Sake and food pairing
What type of food is the best match for sake and why? Shirley Booth, founder of the British Sake Association comes up with a few surprises and some useful pointers on serving temperatures.
Nihonshu wa ryori wo erabanai
This Japanese proverb, quoted in Philip Harper’s The Book of Sake, translates as ‘sake doesn’t get into fights with food’. The high amino acid content of sake is what makes it so well suited to food, as it heightens the umami, enhancing taste and emphasising rich savoury elements.
In Japan drinking sake has always been accompanied by eating, and there are some traditional and classic combinations, such as sake with sashimi. (Although sake is also served with sushi (vinegared rice) some traditionalists maintain that, once rice is brought to table the sake should go, as it’s considered that rice with rice is too much of a good thing.)
Philip Harper says that sake is the preferred partner for raw fish, because fishy odours can be amplified by beer and some wines. Lighter sakes are best here – a DaiGinjo (Chikuha is a good one) a fruity Ginjo, or even a crisp dry Honjozo – served chilled at 5-10°C.
Later on in the meal when grilled or fried dishes appear, an umami-rich sake with high acidity, such as a yamahai or junmai, is what you want to help oily dishes such as tempura or grilled eel, or rich spicy meat dishes, such as Korean barbecue.
Sake is especially good with fermented foods – and this includes a great number of the staples of Japanese cuisine – soy sauce and miso in particular. Indeed sake itself is an important part of Japanese cooking – it reduces odour and lessens bitterness, so it’s commonly used to poach fish. So any dish with miso or soy sauce is enhanced by sake.
Sake is also good with traditional pickled foods, as the pickling process (using salt, rice bran or sake kasu – the lees or solids left when sake is pressed) increases the amino acid content.
The presence of koji mould in sake means that sake can marry surprisingly well with cheeses, especially creamy, aromatic and mild types. (The Kyodogakusha Shintoku Co-operative in Hokkaido have developed a cheese whose rind is washed in sake – a particularly good pairing).
Temperature and food
When we talk about matching sake with food we have to think about temperature, and at which stage of the meal to serve it.
Chilled: reishu 5-10°C, suitable for crisp light and fragrant sake, such as top grade Dai Ginjo. Serve early on in the meal with lighter foods.
Room temperature: jo-on 15 -25°C, suitable for sake with body and flavour – junmai are especially good here, as are aged sakes. Serve with richer, soy sauce-based and grilled dishes. Less flowery Ginjos with earthy and rice notes and Honjozo are all suited to room temperature.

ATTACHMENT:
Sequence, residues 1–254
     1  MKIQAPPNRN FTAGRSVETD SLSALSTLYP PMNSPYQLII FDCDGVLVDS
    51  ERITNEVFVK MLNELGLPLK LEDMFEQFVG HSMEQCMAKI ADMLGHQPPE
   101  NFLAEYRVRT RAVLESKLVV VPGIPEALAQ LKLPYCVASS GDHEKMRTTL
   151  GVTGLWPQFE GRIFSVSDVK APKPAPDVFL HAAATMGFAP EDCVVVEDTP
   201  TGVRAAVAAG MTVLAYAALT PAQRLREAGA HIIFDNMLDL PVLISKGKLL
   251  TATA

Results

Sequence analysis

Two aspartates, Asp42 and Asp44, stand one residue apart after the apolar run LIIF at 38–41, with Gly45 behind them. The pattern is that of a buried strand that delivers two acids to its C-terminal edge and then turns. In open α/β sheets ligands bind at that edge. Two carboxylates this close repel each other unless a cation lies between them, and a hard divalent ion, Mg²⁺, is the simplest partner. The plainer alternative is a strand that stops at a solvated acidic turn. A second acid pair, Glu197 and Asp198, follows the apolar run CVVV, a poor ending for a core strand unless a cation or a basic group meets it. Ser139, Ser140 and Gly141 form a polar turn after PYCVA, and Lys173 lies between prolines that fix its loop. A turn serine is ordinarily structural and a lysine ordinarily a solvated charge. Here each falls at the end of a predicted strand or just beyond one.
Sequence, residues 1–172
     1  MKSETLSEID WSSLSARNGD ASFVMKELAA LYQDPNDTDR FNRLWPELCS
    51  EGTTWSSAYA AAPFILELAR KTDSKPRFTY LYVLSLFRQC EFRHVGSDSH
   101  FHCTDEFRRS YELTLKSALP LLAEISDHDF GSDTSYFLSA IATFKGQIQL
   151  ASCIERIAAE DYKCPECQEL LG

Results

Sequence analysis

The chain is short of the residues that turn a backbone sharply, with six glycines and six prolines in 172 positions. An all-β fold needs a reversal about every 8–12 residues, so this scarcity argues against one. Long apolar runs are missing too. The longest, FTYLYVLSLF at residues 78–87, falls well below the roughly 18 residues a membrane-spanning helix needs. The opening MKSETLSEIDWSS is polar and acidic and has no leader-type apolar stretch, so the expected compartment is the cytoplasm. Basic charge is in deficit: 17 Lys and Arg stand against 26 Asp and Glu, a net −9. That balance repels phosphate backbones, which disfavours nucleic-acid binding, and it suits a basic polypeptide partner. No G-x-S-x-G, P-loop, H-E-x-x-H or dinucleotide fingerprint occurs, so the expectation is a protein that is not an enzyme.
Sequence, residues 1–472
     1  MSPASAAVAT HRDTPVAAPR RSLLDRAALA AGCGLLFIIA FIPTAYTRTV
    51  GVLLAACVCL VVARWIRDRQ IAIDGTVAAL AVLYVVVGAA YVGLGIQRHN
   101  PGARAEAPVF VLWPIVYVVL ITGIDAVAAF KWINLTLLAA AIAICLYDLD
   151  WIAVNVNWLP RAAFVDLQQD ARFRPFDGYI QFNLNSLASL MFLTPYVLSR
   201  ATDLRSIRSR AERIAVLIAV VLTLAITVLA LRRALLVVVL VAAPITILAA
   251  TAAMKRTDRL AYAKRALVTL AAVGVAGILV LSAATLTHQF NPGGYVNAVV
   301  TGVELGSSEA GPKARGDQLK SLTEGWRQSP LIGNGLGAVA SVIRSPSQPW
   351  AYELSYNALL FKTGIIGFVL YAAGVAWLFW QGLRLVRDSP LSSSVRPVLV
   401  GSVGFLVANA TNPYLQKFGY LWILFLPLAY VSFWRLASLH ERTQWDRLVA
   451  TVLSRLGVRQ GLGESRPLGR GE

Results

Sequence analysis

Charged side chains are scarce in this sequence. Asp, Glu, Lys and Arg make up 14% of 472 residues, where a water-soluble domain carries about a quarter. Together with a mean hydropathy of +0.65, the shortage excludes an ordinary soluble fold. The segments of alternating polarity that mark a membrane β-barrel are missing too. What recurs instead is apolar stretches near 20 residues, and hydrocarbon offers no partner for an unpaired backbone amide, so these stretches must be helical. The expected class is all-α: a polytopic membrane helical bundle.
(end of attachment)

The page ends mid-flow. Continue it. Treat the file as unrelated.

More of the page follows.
Warm: kanzake – ranges from atsukan (50°C) to nuru kan (40C) – NOT suitable for lighter Ginjos and Dai Ginjos, but supremely comforting in a Honjozo (Akashi tai’s for example)served with unpretentious izakaya food (such as edamame, grilled aubergine or yakitori).
On the rocks: Genshu is undiluted sake with an alcohol content of 20%, (after pressing all sake is 20%, but usually water is added to reduce the strength to around 15-17% alcohol) and the only one suitable for drinking on the rocks – perfect in summer or as an aperitif.
If you feel that a chilled sake is too bland with the food you are serving, then warming it up enriches the flavours – and you can do this by just letting it stand at room temperature. In fact it’s always informative and fun to try the same sake at different temperatures, as different elements appear and recede.
Shirley Booth is President and Founder of the British Sake Association, a writer and a director.
In 2006 Shirley was the first UK recipient of the newly-created Japanese Agriculture Minister’s Award For Overseas Promotion of Japanese Food, which she has been involved in for over two decades.Apart from her role as President of the British Sake Association Shirley helps to promote sake by organising sake-themed events and tastings for Corporate clients, and writing about it.
Shirley also uses her film-making skills to produce DVDs on sake-making, and other food and drink related subjects, both for broadcast and corporate clients.
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